By now, we all know that, when signing freelance writing contracts, you need to be copyright smart and make sure that you aren’t giving away more rights to your work than you intended.
But many don’t understand what the big deal about signing over copyright to their work is. Most freelance writers don’t resell the same work to several clients, and act that is considered to be very bad form when it is done without prior knowledge, and often times freelance writers never have any intention to ever return to the topic again.
In short, for many freelance writers, once they submit a work, they are done with it and probably won’t ever see it again.
But, while this is true, that doesn’t mean that you can simply toss the copyright to the piece aside and be done with it completely. Even if you never think you’re going to look at the work again, there are many reasons why signing over the copyright is a bad idea or, at the very least, something you should think twice about.
With that in mind, here are five very good reasons to keep copyright in the works you write for others.
1. Your Portfolio
If the work is any good and you want to use it as a sample in your portfolio, having copyright in the work greatly simplifies the process of getting permission.
Initially, you may be able to link to the site where the work is posted to include it in your portfolio, but what happens if the site shuts down and you can’t contact the client anymore? The work could disappear from the Web and, without copyright in the work, you have no rights to republish it on your site.
If you have to give up copyright in your work, make sure that you have the ability to use it in your portfolio. Even if it isn’t your best work, it might be the piece that shows a particular potential client what you are capable of in this area, making it important in the moment.
2. Derivative Works
You might not want to resell a post, but it still is possible that you might want to revisit the topic at a later date and bring in some of that original work or research.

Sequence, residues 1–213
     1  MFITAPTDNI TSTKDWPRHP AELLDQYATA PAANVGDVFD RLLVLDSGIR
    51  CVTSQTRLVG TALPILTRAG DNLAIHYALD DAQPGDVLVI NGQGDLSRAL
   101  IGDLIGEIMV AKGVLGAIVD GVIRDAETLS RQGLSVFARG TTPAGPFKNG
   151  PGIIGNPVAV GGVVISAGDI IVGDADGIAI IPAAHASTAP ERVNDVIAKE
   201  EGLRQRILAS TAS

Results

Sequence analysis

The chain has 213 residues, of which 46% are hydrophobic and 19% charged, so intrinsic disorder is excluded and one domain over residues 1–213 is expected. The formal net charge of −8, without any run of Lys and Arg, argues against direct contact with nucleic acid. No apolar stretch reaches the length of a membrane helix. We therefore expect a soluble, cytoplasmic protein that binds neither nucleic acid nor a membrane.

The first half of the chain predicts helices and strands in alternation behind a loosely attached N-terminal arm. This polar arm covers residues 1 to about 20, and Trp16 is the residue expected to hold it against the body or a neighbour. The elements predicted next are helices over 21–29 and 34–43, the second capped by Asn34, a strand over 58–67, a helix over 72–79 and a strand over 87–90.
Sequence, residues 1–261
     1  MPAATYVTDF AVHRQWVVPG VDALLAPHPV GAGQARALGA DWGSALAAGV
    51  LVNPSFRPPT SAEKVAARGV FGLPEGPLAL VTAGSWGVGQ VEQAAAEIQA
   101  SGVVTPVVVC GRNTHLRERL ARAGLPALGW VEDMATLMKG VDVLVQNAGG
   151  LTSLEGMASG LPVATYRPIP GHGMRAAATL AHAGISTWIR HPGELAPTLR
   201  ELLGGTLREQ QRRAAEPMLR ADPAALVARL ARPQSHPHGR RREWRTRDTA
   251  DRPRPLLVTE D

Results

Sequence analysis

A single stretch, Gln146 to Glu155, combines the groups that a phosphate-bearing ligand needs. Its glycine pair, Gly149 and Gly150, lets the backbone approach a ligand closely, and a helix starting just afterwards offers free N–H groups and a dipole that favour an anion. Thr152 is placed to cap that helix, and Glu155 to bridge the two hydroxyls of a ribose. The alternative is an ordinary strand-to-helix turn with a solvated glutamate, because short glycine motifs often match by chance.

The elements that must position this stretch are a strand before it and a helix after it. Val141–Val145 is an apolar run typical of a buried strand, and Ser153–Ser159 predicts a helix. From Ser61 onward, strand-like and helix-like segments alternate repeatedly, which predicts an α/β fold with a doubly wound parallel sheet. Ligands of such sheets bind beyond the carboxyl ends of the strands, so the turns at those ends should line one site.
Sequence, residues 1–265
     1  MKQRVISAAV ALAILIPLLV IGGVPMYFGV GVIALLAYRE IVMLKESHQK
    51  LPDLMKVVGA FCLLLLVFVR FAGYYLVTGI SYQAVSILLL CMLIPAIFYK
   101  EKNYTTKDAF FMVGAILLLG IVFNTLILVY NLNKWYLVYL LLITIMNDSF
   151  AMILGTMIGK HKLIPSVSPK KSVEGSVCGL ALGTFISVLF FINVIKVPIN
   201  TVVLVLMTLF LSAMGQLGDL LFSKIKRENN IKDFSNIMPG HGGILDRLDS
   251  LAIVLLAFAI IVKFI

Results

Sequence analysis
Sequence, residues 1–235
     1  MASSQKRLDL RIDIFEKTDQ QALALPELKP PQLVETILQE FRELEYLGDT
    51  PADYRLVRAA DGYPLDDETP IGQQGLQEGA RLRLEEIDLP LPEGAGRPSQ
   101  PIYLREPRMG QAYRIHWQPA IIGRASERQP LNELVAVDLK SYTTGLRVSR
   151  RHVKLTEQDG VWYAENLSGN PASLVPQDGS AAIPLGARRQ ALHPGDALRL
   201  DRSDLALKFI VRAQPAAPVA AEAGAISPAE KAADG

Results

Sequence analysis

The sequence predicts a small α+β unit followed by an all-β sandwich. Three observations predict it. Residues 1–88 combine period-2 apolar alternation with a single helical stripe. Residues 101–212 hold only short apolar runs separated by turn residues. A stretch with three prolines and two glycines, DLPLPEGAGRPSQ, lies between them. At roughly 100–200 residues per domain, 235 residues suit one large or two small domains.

Derivative works is a gray area of the law where rational people often strongly disagree. If you create a work that is similar to the original, even if you wrote the original, your previous client may come back and cry foul over the new article.
Worst of all, one of the stronger defenses to a derivative works issue, that you were unaware of or didn’t have access to the original, doesn’t apply to this case. If you don’t hold copyright in the original work, similar works you write for other clients can fall under scrutiny and become major headaches.
In the U.S., authors don’t have moral rights over the works they create. That means clients aren’t required to provide attribution to you for your work if your contract and license doesn’t require it separately.
But even if your contract does stipulate that you should be attributed, copyright is an important and powerful lever for enforcing that.
For example, if something goes wrong and attribution is removed from your work, you’re in a much better position if you are the copyright holder and they have a license to use the work that requires attribution than if you’re not the copyright holder and have just a contract issue over that one element.
Having copyright gives you a lever to enforce the terms of your contract, attribution being one of those key terms.
4. Client Reuse
If you don’t have copyright in your work, your client is basically free to use the work however they please, including posting the work to sites you never intended your work or your name to be on.